Learning To Be Human (w Umar Farooq)

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Event Name: Learning To Be Human (w Umar Farooq)
Transcription Date:Transcription Modified Date: 4/27/2019 10:22:01 AM
Transcript Version: 2

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an that most people don't keep their

covenants right so in surah number 7 the

heights 101 to 102 God says these are

the towns whose stories we have

recounted unto you their messengers

certainly brought them clear proofs but

they would not believe in what they had

denied earlier

thus does God set a seal upon the hearts

of the disbelievers we did not find most

of them faithful to their pact many

commentators if not most they say that

pact is the primordial covenant indeed

we found most of them to be deviant in

their unfaithfulness to God's pact it is

said that in fact that human beings have

no pact at all literally the verse says

we found no pact for most of them they

didn't have a pact they didn't keep it

and what this means they were not

faithful to the pact means that they did

not continue to recognize God's lordship

and his rightful claim to their

obedience and worship during the course

of their earthly lives although they

took that covenant and everything

necessary for it was stamped on their

natures even the desire to do it so the

verse implies that most human beings are

unfaithful to their natures and this

comes up over and over again they fail

to act we fail to act upon the intrinsic


and the moral agency and

responsibilities that God has instilled

in us so the the Fatah then is something

that takes in the whole of our being we

talked about that it takes in everything

about us it's natural for us to stand

erect it's natural for us to walk on our

feet it's difficult for us not to do

that it's natural for us to eat in a

particular way it's difficult for us not

to know that but the fit role also

includes those things that pertain to

intellect that pertain to the heart and

everything it's a very comprehensive

knowledge and it is we believe a

manifestation of God's mercy to us

because we believe that human beings are

given a very important task which is

stewardship on this earth this world is

not our garden you know it's the garden

of the animals it's the garden of the

trees and of the water you know but to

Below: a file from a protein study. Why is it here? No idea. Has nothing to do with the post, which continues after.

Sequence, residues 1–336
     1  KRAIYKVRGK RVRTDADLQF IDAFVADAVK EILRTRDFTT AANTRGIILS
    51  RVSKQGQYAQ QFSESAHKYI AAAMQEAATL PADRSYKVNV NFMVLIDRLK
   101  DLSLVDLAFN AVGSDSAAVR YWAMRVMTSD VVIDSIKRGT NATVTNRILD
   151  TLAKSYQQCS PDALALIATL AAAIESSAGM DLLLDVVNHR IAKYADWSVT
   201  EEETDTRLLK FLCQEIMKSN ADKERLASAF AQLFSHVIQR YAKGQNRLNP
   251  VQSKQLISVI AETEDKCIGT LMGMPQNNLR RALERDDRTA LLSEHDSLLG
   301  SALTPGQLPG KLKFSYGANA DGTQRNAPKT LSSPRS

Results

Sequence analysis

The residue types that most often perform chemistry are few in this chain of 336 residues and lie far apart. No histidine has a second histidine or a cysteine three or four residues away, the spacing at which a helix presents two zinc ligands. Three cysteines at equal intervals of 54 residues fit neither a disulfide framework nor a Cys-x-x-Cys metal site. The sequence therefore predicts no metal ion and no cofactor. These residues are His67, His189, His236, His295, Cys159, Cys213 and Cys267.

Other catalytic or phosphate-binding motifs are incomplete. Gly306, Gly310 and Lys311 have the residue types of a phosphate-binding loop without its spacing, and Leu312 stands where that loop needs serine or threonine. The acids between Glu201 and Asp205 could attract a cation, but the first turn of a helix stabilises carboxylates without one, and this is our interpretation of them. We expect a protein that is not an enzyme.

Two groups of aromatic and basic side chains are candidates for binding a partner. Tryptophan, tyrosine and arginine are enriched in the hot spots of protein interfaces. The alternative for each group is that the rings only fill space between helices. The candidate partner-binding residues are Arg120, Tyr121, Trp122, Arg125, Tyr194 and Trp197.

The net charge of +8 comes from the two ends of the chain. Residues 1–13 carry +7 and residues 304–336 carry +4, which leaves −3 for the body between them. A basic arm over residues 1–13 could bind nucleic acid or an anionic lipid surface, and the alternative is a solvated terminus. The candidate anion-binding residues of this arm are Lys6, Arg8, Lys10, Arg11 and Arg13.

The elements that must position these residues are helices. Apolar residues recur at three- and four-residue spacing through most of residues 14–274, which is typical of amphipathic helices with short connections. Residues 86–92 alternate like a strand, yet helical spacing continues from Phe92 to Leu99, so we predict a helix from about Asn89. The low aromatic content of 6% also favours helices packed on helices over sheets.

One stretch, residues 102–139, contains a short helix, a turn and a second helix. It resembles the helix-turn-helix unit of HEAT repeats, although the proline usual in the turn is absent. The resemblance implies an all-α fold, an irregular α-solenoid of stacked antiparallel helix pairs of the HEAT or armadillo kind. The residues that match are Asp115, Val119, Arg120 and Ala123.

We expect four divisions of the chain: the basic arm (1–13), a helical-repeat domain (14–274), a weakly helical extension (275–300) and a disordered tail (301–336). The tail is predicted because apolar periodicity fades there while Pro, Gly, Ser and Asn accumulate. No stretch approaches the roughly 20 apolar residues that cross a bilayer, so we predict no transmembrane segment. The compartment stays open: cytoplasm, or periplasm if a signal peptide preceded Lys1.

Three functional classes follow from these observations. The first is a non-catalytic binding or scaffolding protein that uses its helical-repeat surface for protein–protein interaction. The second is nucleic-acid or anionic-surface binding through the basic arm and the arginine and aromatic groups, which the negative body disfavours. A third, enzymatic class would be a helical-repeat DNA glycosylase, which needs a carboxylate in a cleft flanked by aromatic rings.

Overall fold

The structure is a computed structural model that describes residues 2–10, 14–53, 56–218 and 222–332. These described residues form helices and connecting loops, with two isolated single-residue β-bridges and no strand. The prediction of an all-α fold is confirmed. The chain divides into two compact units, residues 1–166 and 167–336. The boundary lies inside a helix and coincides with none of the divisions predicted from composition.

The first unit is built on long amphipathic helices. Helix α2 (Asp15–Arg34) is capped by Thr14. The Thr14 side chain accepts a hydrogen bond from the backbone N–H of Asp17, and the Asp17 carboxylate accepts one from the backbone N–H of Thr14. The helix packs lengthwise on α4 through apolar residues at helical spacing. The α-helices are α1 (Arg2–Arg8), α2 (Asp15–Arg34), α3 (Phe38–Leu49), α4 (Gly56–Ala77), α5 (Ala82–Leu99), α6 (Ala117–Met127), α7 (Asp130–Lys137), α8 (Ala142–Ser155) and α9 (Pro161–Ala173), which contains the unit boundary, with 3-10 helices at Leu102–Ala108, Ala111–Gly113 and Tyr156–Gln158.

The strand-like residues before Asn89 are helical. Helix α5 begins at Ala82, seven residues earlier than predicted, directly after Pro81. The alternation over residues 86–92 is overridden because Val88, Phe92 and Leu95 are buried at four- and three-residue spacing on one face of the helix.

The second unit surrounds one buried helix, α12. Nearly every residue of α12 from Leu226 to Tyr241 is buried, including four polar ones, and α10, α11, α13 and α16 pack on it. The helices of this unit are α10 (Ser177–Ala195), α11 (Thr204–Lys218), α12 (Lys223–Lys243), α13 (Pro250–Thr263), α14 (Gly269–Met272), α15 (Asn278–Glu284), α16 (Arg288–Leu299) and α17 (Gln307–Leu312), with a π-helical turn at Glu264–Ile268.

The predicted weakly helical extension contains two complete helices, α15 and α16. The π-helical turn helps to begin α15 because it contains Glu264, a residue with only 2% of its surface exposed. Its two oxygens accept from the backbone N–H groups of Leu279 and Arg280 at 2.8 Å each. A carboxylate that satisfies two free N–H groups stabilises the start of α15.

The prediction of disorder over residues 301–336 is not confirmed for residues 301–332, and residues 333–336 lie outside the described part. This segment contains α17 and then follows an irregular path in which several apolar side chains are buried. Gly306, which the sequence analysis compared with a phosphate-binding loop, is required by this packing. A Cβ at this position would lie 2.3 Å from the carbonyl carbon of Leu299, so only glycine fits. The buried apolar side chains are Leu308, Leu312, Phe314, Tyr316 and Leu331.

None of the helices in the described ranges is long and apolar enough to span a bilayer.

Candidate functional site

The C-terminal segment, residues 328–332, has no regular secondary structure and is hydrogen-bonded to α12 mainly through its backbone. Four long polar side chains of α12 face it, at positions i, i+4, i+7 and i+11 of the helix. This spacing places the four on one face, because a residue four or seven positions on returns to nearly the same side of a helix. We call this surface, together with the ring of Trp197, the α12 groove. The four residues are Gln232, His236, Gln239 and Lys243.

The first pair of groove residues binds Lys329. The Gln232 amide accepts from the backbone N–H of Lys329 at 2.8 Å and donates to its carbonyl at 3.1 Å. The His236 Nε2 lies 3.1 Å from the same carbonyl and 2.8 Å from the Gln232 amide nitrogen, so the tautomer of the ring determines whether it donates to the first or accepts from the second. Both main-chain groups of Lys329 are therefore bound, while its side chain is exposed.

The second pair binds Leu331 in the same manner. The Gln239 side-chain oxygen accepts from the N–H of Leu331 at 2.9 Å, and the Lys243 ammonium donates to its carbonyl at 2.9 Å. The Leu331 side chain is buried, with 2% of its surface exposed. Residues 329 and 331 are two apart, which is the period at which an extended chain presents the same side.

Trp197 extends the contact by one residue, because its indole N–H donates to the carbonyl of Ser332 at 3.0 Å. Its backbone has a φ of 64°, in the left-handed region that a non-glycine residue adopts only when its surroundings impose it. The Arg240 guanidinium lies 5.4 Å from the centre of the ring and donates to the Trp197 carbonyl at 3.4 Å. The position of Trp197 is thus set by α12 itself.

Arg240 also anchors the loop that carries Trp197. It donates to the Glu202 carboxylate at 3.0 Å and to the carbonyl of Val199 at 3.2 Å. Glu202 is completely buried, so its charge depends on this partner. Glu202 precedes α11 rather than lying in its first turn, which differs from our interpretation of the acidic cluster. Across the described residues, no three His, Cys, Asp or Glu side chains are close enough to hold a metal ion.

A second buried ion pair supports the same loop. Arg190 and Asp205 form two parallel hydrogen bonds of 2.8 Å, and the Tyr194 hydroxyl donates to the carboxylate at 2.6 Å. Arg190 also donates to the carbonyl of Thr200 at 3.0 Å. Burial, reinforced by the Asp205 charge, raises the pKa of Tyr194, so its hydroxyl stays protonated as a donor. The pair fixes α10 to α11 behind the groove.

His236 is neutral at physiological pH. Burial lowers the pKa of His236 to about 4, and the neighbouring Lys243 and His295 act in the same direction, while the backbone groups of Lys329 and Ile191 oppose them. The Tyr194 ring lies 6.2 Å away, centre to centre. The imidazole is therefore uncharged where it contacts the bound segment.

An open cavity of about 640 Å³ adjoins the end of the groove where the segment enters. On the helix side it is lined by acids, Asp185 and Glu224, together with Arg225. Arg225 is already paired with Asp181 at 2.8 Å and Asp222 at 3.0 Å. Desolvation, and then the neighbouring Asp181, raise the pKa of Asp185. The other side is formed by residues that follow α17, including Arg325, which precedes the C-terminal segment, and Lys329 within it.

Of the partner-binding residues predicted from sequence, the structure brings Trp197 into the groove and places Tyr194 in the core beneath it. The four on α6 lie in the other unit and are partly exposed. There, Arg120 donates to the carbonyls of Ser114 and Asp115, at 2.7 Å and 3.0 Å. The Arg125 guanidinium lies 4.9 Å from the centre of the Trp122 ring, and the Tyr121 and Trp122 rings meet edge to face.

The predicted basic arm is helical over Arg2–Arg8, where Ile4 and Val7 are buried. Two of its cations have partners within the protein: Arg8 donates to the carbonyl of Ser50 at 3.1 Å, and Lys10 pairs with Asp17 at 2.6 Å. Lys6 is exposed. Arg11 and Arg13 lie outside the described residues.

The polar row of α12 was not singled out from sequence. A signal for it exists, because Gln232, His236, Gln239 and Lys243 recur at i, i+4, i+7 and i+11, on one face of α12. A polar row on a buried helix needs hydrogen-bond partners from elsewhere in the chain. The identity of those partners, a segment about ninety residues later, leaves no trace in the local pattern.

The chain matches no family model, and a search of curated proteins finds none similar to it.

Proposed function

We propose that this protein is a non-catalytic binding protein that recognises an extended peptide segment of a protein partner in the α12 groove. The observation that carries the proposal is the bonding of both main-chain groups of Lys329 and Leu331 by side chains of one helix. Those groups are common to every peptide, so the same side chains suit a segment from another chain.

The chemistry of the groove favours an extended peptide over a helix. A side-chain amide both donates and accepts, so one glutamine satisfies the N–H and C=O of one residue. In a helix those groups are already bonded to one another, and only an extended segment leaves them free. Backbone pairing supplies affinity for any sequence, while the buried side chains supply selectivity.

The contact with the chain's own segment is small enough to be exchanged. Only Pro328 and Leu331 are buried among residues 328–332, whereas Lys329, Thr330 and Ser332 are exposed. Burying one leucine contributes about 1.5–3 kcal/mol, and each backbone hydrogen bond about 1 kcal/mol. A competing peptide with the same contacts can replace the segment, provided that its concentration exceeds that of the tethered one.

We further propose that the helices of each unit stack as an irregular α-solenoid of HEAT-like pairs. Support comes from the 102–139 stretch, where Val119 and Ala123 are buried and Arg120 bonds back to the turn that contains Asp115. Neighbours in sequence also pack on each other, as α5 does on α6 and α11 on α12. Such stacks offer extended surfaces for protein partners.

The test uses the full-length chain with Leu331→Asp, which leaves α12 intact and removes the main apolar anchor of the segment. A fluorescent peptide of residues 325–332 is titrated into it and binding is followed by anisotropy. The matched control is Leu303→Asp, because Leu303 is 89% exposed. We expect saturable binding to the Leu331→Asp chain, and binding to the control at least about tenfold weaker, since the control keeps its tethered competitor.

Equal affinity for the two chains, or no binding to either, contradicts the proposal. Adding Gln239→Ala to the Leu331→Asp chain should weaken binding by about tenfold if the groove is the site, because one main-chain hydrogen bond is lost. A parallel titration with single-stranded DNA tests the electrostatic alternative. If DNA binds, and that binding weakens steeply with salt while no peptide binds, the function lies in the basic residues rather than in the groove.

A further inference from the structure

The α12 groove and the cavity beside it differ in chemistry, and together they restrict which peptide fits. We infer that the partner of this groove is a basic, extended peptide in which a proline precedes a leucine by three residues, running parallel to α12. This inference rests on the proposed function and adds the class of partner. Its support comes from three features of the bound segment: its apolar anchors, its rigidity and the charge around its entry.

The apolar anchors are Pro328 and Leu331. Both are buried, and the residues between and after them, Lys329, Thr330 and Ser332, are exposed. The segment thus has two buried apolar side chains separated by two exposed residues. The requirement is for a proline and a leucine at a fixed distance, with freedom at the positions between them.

keep that pact of stewardship is very

very difficult if we are good everything

becomes good if we are bad everything

that comes back but God gives us

everything we need for that in fact he

gives us much more than we need and much

more than we ever use also connected

with this is the idea that faith which

is ingrained in us by virtue of our

fitler our primordial self is something

that only needs to be brought out we

only have to be reminded so there are

basically two kinds of people then from

this point of view those who turn their

backs on the futur and forget that it's

there and forget what it is and those

who allow their thoughts to delve into

their futur to know themselves and to

remember the infinite treasures that are

stored up there

and God says in the Quran this is the

refrain that goes through the whole

Quran that perhaps they may remember and

he says in order that the people of

al-bab of true hearts a call to

remembrance and he says remember the

blessing of God upon you and the

Covenant that he made with you and this

theme of Vicar and Tessa Korah and

thethe key are in death care this goes

through the piranhas as you know so

again what are you remembering you're

remembering what you know and the

prophets and messengers who are given

their messages by God they come to bring

that out in us and to make us remember

who we are and what we have in us one of

the things that God says in the Quran is

that he created us with two hands with

his two hands God said to Satan I

beliefs what prevented you from

prostrating unto what I created with my

two hands he doesn't say that about

anything else God creates things with

his hand that's that's said with his

hands but here I created with my two

hands did you grow arrogant or are you

among the exalted he said Satan I am

better than him you created me from fire

while you created him from clay but here

God is saying to a Blees are you really

like you think are you really a creation

more exalted than this Adamic being that

I made with both my hands I didn't make

anything else like that and the verse

indicates that God undertook the

creation of Adam by himself

of course God creates everything but

that this was a unique and special

creation which all of us inherit

stink from everything else and

everything that God's hands have wrought

God singled out Adam then for creation

with God's two hands or by his two hands

to honor him to give him Kurama dignity

among all human beings and again to make

it possible for him to do what he's

created to do it been out of him he says

from the first existent thing down to

the last of existent things God did not

combine both hands in anything he

created except the human being that is

in the human beings earthly and bodily

and other configurations he created

everything by the divine command but

with one hand

God's two hands gave Adam a preeminence